Sam was sentenced to forever wear "a strong Iron collar affixed about his neck with four sprigs." Should he leave his master's plantation or remove the collar, he would be hanged. Many important historical figures were born on the Northern Neck, including U. S. presidents George Washington, James Madison, James Monroe, as well as signers of the Declaration of Independence, Francis Lightfoot Lee and Richard Henry Lee, the Confederate Civil War general Robert E. Lee. Richard Henry Lee was elected as the sixth president under the Articles of Confederation. Residing in Westmoreland was Colonel Nicholas Spencer, member of the House of Burgesses and president of the Governor's Council, on the departure of his cousin Thomas Colepeper, 2nd Baron Colepeper, acting governor. Robert Carter I, agent for Thomas Fairfax, 6th Lord Fairfax of Cameron, was born at Corotoman Plantation and became President of the Governor's Council of the Virginia Colony, he was acting Governor of Virginia in 1726-1727 after the death in office of Governor Hugh Drysdale.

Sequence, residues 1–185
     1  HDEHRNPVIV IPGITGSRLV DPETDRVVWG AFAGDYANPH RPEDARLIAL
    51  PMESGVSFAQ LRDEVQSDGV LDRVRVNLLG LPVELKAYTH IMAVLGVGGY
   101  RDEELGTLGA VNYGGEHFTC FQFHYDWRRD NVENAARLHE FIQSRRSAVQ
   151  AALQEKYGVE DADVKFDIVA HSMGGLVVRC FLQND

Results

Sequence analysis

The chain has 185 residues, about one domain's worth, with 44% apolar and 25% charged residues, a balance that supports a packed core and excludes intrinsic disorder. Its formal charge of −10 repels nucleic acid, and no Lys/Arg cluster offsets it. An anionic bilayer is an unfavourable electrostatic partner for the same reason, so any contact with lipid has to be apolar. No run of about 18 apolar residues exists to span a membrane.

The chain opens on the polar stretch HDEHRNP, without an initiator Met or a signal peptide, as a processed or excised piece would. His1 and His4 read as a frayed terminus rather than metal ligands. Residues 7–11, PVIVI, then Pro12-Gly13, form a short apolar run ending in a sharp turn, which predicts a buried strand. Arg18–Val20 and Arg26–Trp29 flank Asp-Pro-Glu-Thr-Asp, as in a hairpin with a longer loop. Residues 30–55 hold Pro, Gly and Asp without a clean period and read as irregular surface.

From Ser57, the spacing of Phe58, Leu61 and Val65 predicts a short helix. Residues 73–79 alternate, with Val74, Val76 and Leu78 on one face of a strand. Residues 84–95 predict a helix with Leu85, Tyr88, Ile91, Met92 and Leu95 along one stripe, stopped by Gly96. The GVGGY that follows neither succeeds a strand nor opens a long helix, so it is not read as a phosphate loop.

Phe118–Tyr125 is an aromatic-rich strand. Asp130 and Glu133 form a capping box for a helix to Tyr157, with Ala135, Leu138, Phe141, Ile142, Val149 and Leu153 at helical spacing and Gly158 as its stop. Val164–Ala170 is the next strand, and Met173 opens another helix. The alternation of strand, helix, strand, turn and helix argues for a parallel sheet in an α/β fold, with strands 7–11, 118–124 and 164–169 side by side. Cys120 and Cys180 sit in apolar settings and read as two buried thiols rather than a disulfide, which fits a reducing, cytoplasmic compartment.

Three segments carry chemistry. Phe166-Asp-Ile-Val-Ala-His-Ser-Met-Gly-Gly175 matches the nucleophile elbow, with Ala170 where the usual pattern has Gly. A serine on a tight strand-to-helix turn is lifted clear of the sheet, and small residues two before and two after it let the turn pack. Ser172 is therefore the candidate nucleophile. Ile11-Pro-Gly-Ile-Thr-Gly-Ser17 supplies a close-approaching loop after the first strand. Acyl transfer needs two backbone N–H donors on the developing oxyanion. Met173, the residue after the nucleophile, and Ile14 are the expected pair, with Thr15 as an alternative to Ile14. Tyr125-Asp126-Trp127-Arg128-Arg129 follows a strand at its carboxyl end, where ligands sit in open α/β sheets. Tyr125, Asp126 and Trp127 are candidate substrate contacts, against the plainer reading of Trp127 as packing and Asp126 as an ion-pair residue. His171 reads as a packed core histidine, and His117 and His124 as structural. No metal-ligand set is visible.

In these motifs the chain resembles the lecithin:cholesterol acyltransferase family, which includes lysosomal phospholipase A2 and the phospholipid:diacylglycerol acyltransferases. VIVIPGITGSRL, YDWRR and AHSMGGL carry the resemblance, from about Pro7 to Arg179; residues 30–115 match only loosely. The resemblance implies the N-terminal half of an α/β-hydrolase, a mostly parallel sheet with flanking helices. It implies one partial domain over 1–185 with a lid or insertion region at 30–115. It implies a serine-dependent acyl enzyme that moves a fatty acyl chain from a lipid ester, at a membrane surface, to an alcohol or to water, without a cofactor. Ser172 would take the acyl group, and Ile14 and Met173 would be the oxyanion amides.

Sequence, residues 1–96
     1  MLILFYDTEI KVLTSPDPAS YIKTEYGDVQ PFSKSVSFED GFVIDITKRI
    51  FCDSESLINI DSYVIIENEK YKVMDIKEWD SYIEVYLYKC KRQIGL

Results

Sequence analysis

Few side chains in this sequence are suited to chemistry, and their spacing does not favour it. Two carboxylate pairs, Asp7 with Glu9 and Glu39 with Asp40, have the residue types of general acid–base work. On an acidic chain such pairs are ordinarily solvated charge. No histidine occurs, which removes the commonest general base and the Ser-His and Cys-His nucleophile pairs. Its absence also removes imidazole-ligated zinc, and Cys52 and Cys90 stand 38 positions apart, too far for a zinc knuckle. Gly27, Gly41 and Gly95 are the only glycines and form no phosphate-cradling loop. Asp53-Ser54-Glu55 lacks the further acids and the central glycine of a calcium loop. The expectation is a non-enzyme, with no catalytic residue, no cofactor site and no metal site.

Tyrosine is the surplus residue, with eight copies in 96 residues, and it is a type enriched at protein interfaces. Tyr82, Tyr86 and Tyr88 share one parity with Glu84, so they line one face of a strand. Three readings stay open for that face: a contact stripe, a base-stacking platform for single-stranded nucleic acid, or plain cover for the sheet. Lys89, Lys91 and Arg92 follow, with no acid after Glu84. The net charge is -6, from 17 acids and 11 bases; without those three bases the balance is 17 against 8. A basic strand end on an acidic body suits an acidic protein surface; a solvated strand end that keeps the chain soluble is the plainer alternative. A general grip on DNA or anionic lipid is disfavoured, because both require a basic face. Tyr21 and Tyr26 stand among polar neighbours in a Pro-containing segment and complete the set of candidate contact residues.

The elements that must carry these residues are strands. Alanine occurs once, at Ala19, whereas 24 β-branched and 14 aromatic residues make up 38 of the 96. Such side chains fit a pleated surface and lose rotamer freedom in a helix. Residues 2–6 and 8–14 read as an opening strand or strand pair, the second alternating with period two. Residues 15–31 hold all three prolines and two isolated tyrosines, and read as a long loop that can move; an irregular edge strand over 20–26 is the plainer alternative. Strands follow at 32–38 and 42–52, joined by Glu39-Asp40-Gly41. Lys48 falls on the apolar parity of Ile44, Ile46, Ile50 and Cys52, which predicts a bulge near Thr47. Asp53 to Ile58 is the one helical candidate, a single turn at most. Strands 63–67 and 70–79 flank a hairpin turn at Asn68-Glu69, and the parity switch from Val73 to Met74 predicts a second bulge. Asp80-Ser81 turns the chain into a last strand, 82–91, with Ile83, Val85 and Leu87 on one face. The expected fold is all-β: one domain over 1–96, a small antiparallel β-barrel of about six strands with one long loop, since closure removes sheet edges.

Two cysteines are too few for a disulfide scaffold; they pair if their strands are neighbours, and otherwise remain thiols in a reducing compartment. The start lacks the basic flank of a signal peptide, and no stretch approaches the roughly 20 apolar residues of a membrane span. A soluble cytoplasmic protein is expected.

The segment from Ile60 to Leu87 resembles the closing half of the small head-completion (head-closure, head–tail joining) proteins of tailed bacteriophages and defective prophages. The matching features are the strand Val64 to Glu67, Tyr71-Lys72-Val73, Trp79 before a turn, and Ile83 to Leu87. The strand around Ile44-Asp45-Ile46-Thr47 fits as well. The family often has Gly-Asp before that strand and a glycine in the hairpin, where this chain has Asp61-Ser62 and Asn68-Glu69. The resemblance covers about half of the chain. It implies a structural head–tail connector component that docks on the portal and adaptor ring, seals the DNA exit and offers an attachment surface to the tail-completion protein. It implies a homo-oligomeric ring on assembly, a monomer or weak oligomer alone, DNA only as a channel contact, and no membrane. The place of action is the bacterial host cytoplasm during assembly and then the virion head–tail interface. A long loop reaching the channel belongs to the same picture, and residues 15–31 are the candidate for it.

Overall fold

His sons John Carter married Elizabeth Hill of Shirley Plantation and Landon Carter married Maria Byrd, daughter of Col. William Byrd II and resided at Sabine Hall, his grandson Robert Carter III inherited Nonomy Hall - purchased from the aforementioned Nicholas Spencer; the Tayloe Family established their family seat Mount Airy, on the southern shore of the neck, across from Tappahannock on a high perch overlooking the Rappahannock River. John Tayloe I, John Tayloe II who built Mount Airy and after Menokin for his son-in-law Francis Lightfoot Lee, John Tayloe III who built the Octagon House and his sons John Tayloe IV, Benjamin Ogle Tayloe, William Henry Tayloe and George Plater Tayloe were all born here. Mixed vegetable and grain farming were adopted by the colonial period; the area developed a strong seafood industry. Reedville was once the wealthiest town in the United States, due to its menhaden fishing industry. Before the era of modern highways, many passenger and freight steamer routes linked the Chesapeake Bay region and connected with the railroads developed after 1830.
During the American Civil War, Northern Neck and King George County were on the frontier be